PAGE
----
Simon Marlow has spent the last 12 years implementing Haskell. He is responsible for large parts of the Glasgow Haskell Compiler (GHC), in particular its multicore runtime system. Simon has also been involved in the design of Haskell itself, as co-chair of the Haskell 2010 committee.
Presentation: "Multicore programming in Haskell"
Track: The Concurrency Challenge
Time: Friday 12:00 - 13:00
Location: Fleming Room
The key to unlocking accessible concurrent programming lies in controlling interactions: to run a program in parallel we have to understand the interactions between the parallel tasks. Many of the better concurrent programming models rely on reducing interactions. In message passing, for example, interactions only occur through messages.
Haskell is a pure functional lanugage, which means that the default is zero interaction, and access to state is tightly controlled by the type system. So it should come as no surprise that Haskell is establishing itself not only as a testbed for concurrent programming models, but also as a realistic platform for multicore programming.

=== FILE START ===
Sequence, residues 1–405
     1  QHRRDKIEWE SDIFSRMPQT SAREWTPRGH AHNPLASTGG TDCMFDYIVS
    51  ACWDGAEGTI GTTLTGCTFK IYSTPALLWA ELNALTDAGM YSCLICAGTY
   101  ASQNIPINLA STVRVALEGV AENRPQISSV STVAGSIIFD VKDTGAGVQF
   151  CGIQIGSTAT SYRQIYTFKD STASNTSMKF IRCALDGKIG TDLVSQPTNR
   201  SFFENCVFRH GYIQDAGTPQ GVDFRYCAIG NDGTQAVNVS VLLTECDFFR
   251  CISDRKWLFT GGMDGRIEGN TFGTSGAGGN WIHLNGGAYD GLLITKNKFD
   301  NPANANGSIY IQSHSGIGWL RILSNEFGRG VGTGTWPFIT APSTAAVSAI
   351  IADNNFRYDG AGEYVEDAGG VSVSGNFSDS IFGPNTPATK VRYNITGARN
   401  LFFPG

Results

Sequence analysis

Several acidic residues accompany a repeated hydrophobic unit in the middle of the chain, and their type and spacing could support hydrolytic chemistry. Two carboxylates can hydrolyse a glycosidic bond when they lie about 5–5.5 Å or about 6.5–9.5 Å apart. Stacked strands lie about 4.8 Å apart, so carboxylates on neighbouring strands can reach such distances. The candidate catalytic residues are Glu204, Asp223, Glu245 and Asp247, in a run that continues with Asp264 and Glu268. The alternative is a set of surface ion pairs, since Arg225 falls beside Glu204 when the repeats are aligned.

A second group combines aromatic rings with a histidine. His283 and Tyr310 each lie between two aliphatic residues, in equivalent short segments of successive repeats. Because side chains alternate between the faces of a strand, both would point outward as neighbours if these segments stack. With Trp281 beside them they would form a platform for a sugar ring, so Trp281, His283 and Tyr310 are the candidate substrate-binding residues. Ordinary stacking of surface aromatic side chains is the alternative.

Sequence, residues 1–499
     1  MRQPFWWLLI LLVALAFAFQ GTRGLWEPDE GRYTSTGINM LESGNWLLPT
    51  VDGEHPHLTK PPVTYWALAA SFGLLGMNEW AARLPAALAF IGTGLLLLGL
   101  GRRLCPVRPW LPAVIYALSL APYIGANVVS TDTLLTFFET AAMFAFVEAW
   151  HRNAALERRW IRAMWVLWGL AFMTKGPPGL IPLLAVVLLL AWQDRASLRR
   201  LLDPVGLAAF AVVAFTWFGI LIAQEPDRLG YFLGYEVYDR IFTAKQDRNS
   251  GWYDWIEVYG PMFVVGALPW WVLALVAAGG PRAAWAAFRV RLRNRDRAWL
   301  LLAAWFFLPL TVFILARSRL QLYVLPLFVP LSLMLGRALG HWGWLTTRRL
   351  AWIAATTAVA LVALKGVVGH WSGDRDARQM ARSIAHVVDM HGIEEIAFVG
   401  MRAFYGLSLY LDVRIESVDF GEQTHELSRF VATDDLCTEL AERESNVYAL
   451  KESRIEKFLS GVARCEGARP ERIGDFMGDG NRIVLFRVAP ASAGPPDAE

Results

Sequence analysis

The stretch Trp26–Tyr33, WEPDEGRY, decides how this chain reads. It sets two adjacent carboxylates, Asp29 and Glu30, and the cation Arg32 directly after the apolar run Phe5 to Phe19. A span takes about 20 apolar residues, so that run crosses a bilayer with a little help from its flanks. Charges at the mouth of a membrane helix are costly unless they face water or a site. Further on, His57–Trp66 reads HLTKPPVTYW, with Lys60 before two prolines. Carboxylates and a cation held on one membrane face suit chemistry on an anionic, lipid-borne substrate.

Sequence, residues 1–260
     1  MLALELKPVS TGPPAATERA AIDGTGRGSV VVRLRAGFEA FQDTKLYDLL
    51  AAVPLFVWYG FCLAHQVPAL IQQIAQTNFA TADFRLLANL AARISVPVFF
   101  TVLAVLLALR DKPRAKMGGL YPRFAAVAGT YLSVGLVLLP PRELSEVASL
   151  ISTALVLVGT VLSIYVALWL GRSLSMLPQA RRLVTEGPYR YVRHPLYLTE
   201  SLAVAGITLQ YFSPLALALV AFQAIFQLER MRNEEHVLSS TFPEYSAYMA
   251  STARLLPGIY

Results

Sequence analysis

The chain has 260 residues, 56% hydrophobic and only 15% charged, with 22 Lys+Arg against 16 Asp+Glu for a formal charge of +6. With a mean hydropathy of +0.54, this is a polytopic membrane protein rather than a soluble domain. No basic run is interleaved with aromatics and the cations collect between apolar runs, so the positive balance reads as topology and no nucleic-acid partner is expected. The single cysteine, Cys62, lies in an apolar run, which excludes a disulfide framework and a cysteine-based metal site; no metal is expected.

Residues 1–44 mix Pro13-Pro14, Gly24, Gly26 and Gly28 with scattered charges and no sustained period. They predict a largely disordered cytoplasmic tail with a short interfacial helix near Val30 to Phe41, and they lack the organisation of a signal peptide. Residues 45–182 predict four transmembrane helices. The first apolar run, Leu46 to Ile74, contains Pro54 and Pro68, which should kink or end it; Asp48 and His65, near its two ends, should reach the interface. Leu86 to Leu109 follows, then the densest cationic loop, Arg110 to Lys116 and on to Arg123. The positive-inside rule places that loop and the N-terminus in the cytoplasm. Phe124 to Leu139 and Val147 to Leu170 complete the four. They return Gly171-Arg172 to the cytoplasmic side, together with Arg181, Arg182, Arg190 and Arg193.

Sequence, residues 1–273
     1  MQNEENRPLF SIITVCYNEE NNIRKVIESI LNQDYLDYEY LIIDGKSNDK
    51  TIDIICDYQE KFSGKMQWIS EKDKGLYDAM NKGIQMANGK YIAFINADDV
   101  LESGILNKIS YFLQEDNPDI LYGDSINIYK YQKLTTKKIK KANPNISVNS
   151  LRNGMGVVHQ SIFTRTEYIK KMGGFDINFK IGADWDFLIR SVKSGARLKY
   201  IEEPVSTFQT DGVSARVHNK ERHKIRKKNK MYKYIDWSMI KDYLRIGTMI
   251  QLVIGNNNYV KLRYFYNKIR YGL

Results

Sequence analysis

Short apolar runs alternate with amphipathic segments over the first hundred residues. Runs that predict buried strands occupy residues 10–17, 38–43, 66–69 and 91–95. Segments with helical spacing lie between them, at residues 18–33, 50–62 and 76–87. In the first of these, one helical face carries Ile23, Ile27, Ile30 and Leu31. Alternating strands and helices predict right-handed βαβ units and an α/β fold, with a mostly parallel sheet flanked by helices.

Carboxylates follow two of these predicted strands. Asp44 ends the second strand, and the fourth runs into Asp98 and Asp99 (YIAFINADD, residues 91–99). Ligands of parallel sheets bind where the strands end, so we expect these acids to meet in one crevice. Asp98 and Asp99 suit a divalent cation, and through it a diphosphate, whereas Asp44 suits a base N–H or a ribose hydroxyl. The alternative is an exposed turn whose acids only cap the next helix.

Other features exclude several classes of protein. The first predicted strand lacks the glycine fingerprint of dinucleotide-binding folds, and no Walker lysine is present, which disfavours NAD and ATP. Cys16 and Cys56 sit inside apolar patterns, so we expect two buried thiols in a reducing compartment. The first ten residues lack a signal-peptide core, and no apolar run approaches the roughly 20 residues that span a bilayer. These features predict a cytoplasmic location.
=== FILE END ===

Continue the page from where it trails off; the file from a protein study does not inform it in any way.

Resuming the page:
In this talk I'll give a tour of concurrency from the Haskell viewpoint through various practical examples. I'll explain why we believe there is no "one size fits all" concurrent programming model. Haskell provides thread-based concurrency with a choice of synchronisation mechanisms for situations where those models fit best, but also pure parallel programming models that are often a better choice when the goal is to parallelise a compute-intensive task.
Keywords: Concurrent Parallel Haskell Functional Programming Multicore
Target audience: Programmers interested in learning about different approaches to multicore programming.